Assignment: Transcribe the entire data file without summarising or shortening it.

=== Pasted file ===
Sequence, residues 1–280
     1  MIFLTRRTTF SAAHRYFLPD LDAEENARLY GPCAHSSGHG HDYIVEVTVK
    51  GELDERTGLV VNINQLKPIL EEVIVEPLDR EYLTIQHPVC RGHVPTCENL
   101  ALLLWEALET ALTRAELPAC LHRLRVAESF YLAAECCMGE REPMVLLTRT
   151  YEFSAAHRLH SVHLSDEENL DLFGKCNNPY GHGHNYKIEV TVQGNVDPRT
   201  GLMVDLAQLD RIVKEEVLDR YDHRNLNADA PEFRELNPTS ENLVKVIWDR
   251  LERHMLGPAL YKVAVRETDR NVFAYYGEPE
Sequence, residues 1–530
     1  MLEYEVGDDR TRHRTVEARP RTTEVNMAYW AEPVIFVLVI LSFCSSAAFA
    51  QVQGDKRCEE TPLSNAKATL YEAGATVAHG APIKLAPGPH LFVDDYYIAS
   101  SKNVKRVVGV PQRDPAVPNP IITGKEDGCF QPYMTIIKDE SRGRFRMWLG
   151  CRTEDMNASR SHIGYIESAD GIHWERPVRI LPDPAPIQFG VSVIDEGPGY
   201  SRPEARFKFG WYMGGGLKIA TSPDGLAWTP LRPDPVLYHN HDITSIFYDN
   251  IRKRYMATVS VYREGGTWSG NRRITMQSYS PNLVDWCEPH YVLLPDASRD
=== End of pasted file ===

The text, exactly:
Sequence, residues 1–280
     1  MIFLTRRTTF SAAHRYFLPD LDAEENARLY GPCAHSSGHG HDYIVEVTVK
    51  GELDERTGLV VNINQLKPIL EEVIVEPLDR EYLTIQHPVC RGHVPTCENL
   101  ALLLWEALET ALTRAELPAC LHRLRVAESF YLAAECCMGE REPMVLLTRT
   151  YEFSAAHRLH SVHLSDEENL DLFGKCNNPY GHGHNYKIEV TVQGNVDPRT
   201  GLMVDLAQLD RIVKEEVLDR YDHRNLNADA PEFRELNPTS ENLVKVIWDR
   251  LERHMLGPAL YKVAVRETDR NVFAYYGEPE
Sequence, residues 1–530
     1  MLEYEVGDDR TRHRTVEARP RTTEVNMAYW AEPVIFVLVI LSFCSSAAFA
    51  QVQGDKRCEE TPLSNAKATL YEAGATVAHG APIKLAPGPH LFVDDYYIAS
   101  SKNVKRVVGV PQRDPAVPNP IITGKEDGCF QPYMTIIKDE SRGRFRMWLG
   151  CRTEDMNASR SHIGYIESAD GIHWERPVRI LPDPAPIQFG VSVIDEGPGY
   201  SRPEARFKFG WYMGGGLKIA TSPDGLAWTP LRPDPVLYHN HDITSIFYDN
   251  IRKRYMATVS VYREGGTWSG NRRITMQSYS PNLVDWCEPH YVLLPDASRD